20. The system of claim 19, wherein the second relatively narrow end tapers to a second substantially pointed end.

Description:

This is a continuation of application Ser. No. 10/489,380, filed Mar. 12, 2004, which claims priority to PCT Application No. PCT/US02/29200, filed Sep. 13, 2002, which in turn claims priority to U.S. Provisional Application Ser. No. 60/318,838, filed Sep. 13, 2001, all of which are incorporated by reference in their entirety herein.

TECHNICAL FIELD

This invention relates generally to transferring loads between adjacent cast-in-place slabs and more particularly to a system for transferring, across a joint between a first slab and a second slab, a load applied to either slab.

BACKGROUND OF THE INVENTION

Referring to FIG. 1, when a concrete floor slab 100 is first placed and the concrete starts to cure the volume of the concrete decreases causing the slab to shrink (usually on the order of ⅛ of an inch per 20 feet). Concrete has a relatively low strength when in tension. When the internal stresses due to shrinkage 104 reach a point greater then the tensile strength of the concrete, random stress-relief cracks 102 occur.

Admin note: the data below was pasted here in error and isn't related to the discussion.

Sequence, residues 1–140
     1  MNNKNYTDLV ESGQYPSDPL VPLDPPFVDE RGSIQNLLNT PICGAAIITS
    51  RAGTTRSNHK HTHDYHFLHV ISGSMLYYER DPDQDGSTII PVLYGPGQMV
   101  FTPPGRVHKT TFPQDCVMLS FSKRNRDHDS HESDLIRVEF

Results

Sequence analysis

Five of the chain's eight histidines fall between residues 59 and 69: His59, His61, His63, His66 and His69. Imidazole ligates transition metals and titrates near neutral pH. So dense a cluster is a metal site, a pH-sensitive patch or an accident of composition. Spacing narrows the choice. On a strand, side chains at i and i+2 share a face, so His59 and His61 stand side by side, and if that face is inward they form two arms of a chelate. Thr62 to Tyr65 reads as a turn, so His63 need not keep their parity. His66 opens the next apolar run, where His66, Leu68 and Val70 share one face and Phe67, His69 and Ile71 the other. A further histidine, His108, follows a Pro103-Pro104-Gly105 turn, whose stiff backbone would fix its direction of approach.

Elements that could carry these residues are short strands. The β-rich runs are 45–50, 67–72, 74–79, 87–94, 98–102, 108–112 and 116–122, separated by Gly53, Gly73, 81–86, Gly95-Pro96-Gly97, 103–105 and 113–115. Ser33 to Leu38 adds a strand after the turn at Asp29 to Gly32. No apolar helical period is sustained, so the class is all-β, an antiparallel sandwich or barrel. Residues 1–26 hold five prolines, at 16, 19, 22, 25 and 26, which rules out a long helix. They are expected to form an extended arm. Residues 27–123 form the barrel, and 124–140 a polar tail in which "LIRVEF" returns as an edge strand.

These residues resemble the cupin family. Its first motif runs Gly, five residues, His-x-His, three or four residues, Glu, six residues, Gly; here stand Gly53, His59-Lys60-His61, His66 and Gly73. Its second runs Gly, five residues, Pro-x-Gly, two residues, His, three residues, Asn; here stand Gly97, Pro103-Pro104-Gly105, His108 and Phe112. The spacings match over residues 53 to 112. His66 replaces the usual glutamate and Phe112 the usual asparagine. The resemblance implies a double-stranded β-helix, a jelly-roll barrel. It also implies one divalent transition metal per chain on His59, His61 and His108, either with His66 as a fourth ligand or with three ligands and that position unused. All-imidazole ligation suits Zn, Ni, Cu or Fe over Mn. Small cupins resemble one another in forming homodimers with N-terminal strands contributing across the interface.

These random cracks 102 are undesirable as they detract from the performance of the floor slab 100 and reduce its life span. Referring to FIGS. 2A and 2B, a typical method of controlling where these cracks 102 occur is to induce a weakened plane by saw cutting the top surface 200 of the concrete slab 100 into small panels, as depicted by saw cut 202.

Referring to FIG. 3, an undesirable side effect of having the floor slab 100 made up of numerous small sections is that when the floor is loaded, such as with the wheels of a moving fork lift 300, each section of the floor may be deflected 302 relative to its neighbor causing damage 304 to the joint edge, as depicted in FIG. 3.

Referring to FIG. 4, a conventional technique for reducing this type of deflection 302 is to span the joint 400 with steel bars 402 each having a round cross-section. These bars 402 are commonly referred to as dowel bars.

Referring to FIGS. 5A-5C, dowels of this type are typically assembled into a wirework frame 500 that holds the dowels at a desired depth 502 and orientation. This assembly is generally known as a dowel basket.

Using circular-cross-section dowel bars is associated with various drawbacks. For instance, if the dowel bars 402 are misaligned 600 such that they are not oriented totally perpendicular to the joint, the dowel bars 402 can lock the joint 400 thereby undesirably restraining the joint from opening, which in turn may cause random cracks 102.

Referring to FIG. 7, if a concrete floor slab, such as slabs 100-1 or 100-2, tries to move along the line of the joint 400 relative to the next panel (for instance due to shrinkage or thermal contraction), the dowel bars 402 will restrain this type of movement 700, thereby causing random cracks 102.

Referring to FIG. 8, at an intersection of two joints, movement 800, which is a combination of the two types of movement discussed above in connection with FIGS. 6 and 7, can cause a situation known as corner cracking 802.